Bentham knew that his strategy was unconventional and that Romilly’s personal commitment was unlikely to be enough to persuade other MPs to support it at that stage. He therefore added a more practical reason, namely that if Romilly’s motion were rejected ‘by the influence of the present Administration, still it might be not altogether without fruit’.69 If the next government were more supportive, then Romilly’s motion might act as a precedent preparing way for future endeavour. Bentham planned to enlist Francis Horner to support Romilly’s motion. Horner was MP for Wendover in Buckinghamshire, but ‘being a Scotchman, should stand up and say’ that he supported Bentham’s codification proposal as the best means of regulating jury trials and providing an accessible and fair judicial service for the public. Codification was described by Bentham as a method to increase both professional and public checks on the power of judges.70 Speaking of codifiers, Horner would be encouraged to emphasise Bentham’s personal experience in jurisprudence and public spiritedness:

            A man who, though to be sure he has not yet prepared any such work, having never had any encouragement so to do, has however for these four and forty years been preparing himself for preparing it: and for his encouragement, neither wanting nor choosing to accept of money, wants nothing but such assurance as the House may be disposed to give.71

            Bentham expected Parliament to accept his voluntary offer; in terms of his credibility as a legislator, the endorsement of Horner and Romilly would, he hoped, be sufficient. Bentham hoped that Horner’s speech would highlight the point that Romilly, as an eminent working lawyer, fully believed in the merits and feasibility of Bentham’s code. The intended effect was to persuade other lawyer MPs that the code was realistic. Moreover, Bentham argued that his reform would not reduce the business of ‘the most eminent among the lawyers’. In other words, Bentham thought that codification could build a meritocratic system in the profession.

            Romilly was not convinced by Bentham’s arguments. He explained to Bentham on 20 May 1808 that because the code had not been written he could not review it to give an opinion.72 On the same day Bentham replied to Romilly to ask for a clarification as to why the arguments in the ‘Propositions designed to serve as a basis for an offer proposed to be made in the form of a Petition to the House of Commons’ were not sufficient. Bentham compared his offer with the task of the Court of Session commission. Both were merely proposing to complete the task in the future. Bentham could not believe that Romilly would doubt his expertise:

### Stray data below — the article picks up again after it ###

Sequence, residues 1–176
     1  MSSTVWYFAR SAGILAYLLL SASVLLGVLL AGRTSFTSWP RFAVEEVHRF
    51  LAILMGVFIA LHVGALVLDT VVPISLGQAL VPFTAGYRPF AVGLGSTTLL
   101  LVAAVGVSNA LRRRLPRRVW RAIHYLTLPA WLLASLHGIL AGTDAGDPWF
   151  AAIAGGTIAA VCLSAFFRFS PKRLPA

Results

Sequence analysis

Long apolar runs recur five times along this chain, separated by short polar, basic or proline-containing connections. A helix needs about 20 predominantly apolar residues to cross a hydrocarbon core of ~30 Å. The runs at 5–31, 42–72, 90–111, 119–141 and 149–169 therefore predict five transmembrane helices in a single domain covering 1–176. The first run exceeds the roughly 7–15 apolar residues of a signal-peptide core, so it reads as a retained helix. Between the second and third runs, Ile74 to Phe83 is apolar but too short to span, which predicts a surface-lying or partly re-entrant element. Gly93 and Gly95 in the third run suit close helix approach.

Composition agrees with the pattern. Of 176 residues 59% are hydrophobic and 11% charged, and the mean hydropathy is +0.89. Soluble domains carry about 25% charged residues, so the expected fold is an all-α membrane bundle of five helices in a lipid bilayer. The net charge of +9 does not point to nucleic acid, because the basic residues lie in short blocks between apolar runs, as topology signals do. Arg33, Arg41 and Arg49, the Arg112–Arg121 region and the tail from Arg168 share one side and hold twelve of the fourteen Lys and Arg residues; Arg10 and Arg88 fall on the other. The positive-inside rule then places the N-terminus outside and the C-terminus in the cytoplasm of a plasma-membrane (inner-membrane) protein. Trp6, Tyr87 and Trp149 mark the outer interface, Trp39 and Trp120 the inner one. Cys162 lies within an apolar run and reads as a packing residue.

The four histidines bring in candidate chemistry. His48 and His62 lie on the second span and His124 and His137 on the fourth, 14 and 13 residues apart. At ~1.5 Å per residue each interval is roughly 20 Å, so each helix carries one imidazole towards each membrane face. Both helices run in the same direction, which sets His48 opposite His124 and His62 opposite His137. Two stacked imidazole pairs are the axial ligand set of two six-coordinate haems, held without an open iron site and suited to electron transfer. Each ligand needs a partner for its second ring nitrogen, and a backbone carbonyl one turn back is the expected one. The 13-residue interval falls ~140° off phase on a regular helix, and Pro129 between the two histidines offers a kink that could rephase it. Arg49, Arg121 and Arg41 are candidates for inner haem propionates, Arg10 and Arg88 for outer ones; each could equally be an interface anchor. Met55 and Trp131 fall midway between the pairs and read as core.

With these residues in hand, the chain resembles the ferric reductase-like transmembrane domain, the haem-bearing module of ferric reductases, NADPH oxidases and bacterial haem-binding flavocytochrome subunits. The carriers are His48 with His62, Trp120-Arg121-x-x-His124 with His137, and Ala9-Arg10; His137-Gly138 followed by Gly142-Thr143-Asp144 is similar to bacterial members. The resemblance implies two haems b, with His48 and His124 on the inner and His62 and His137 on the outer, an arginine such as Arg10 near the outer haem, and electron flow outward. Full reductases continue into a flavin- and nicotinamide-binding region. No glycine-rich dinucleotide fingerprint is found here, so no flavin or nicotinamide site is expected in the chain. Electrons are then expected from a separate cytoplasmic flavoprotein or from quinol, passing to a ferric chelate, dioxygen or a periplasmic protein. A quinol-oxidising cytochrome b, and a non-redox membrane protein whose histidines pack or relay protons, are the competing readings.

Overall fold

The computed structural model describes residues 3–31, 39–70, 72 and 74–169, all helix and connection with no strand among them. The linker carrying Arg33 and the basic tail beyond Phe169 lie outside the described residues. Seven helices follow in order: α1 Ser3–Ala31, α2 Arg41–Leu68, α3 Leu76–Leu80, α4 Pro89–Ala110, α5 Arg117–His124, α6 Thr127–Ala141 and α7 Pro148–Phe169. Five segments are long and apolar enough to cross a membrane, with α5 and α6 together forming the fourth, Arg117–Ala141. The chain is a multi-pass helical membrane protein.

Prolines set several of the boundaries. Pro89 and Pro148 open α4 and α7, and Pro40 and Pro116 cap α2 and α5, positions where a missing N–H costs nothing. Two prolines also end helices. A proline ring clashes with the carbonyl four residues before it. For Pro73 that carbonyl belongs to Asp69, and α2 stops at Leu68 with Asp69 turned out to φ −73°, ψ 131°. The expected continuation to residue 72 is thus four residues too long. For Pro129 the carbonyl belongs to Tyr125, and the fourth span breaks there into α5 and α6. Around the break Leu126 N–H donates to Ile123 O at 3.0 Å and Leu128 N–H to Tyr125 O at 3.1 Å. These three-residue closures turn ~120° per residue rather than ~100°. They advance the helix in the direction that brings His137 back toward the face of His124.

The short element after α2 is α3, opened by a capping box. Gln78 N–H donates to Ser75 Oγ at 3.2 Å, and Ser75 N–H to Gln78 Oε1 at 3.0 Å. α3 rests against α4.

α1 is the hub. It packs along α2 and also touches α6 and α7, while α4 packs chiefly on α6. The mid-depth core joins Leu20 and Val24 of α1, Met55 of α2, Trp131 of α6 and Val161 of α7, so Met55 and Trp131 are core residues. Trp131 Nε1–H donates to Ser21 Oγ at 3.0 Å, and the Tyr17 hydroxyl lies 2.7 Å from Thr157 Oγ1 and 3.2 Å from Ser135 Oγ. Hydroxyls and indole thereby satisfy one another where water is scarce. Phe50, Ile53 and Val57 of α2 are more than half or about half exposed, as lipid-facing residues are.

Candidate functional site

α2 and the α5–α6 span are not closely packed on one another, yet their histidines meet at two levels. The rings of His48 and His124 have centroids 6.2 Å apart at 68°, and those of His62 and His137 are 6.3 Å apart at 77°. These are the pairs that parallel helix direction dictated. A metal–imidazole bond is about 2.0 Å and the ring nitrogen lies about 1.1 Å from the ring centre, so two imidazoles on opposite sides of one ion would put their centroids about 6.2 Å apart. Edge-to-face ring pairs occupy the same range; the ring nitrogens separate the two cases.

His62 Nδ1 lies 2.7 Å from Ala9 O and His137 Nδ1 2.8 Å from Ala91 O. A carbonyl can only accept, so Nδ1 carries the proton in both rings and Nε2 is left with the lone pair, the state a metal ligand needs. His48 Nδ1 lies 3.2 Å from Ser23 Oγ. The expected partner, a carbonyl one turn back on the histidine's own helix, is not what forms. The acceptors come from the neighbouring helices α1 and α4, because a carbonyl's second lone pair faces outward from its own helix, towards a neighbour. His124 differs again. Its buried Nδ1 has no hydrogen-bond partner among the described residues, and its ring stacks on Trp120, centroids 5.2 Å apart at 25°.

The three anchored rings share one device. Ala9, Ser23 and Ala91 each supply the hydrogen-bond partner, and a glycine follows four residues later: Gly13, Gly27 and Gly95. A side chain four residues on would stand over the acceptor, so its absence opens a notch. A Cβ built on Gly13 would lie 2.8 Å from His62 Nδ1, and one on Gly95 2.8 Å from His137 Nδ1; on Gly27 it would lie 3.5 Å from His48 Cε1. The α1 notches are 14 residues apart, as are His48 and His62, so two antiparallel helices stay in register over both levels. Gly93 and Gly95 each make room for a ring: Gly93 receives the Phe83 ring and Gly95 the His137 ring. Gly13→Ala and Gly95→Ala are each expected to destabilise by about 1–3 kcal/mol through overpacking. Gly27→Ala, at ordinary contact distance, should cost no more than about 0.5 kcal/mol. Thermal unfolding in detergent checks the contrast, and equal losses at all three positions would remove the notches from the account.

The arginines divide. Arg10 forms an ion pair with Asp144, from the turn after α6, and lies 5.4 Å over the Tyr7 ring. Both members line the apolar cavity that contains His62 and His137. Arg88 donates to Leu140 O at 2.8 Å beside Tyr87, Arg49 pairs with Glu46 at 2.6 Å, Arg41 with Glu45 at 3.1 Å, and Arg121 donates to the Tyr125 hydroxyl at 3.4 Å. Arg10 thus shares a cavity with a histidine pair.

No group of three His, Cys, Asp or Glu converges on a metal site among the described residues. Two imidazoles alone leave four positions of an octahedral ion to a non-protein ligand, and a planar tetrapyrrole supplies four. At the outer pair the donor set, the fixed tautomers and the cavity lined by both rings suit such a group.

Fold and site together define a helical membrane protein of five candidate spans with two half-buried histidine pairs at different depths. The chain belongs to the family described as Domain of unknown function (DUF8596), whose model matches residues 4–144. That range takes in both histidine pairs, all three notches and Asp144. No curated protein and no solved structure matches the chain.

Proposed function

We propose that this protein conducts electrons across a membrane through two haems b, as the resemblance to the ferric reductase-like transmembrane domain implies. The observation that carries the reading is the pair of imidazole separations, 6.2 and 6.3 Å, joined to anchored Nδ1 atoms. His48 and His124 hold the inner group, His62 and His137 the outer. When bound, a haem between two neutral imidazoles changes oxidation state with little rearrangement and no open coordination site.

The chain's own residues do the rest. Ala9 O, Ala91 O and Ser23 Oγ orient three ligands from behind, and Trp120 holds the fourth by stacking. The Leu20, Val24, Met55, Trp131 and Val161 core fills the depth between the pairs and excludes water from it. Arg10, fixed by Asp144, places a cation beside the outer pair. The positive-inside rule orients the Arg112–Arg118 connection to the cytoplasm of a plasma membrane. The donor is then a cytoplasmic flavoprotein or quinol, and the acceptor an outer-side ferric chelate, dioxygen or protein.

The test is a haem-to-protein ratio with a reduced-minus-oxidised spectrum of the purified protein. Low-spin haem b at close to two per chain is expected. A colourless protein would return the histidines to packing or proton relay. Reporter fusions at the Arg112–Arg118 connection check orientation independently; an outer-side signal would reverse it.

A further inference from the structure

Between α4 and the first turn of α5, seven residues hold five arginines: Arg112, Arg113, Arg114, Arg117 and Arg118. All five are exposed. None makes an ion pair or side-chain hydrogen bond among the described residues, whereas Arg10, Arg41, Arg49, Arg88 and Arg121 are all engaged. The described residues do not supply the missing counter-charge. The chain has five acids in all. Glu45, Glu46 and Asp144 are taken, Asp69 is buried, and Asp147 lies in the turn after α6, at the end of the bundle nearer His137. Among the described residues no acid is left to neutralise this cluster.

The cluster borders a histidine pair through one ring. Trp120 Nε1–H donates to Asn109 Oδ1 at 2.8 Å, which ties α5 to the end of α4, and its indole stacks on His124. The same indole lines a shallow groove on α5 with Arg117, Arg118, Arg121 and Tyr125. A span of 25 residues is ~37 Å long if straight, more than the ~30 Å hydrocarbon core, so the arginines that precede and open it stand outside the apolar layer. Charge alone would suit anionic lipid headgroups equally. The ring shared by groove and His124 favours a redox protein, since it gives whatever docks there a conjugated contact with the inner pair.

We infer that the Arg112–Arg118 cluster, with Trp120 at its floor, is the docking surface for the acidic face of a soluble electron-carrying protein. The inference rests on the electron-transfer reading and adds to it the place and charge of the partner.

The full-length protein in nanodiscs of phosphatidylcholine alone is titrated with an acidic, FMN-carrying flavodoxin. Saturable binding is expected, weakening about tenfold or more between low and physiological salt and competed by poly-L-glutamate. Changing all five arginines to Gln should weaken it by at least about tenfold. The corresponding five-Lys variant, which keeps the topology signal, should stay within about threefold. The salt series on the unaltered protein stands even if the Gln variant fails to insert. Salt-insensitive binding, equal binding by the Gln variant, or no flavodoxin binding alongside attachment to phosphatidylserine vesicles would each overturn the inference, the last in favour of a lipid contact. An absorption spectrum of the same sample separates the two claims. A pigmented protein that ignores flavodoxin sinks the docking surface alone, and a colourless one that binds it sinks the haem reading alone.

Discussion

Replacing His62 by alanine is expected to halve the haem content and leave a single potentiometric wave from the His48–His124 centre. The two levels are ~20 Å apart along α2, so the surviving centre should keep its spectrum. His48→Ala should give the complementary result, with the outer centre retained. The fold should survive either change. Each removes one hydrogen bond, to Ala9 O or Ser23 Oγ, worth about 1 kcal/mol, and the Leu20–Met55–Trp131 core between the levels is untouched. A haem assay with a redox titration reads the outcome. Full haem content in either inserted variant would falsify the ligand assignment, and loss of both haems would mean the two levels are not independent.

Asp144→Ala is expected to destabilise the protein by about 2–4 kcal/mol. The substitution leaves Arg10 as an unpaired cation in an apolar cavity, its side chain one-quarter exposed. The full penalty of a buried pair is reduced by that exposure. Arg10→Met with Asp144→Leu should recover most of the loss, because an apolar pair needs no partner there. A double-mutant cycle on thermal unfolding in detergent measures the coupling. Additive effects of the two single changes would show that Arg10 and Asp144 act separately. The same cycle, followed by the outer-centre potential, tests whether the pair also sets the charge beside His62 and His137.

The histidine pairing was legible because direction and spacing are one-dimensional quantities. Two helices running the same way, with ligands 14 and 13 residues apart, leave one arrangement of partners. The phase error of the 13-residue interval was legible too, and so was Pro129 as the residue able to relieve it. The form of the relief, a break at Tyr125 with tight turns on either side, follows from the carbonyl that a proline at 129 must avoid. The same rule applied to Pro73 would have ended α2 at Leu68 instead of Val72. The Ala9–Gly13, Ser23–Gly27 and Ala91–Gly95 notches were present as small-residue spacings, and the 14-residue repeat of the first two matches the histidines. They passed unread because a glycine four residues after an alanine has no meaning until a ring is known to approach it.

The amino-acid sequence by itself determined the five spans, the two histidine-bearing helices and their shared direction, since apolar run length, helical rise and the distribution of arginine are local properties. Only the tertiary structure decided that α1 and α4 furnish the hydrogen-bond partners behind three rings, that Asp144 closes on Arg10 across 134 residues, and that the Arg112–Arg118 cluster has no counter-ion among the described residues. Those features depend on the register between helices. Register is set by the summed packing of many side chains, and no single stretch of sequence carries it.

Now this work, is a work, for the execution of which I have been endeavouring to qualify myself any time these 40 years, and which no other person that you know of, qualified or unqualified, is so much as disposed to execute.73

            Bentham reminded Romilly of his previous complaint that the commissioners were ill-qualified and asked for an explanation as to why he could not express this criticism in Parliament. Moreover, Bentham emphasised the voluntary nature of his offer. Why were Romilly and Parliament willing to pay the commissioners, while objecting to pay Bentham? In late May 1808 Romilly replied, and suggested that Bentham’s request was simply too unconventional: ‘a step totally different from the usual course of parliamentary proceedings’. Romilly also explained:

            Petitions complaining of grievances are laid on the table of the House, but as to plans for the public advantage, they must be the subject of some specific motion […] by some member proposing that they should be the subject of a law.

            Furthermore, Romilly stated that he was not persuaded to support codification and thus objected to proposing such a motion on Bentham’s behalf. Moreover, the idea of transforming all laws into a code seemed beyond Romilly’s imagination; as he told Bentham, ‘If anybody can execute such an enterprise as you project […] I believe it is you; but I do doubt whether even you can execute it’.74

            3. Libel law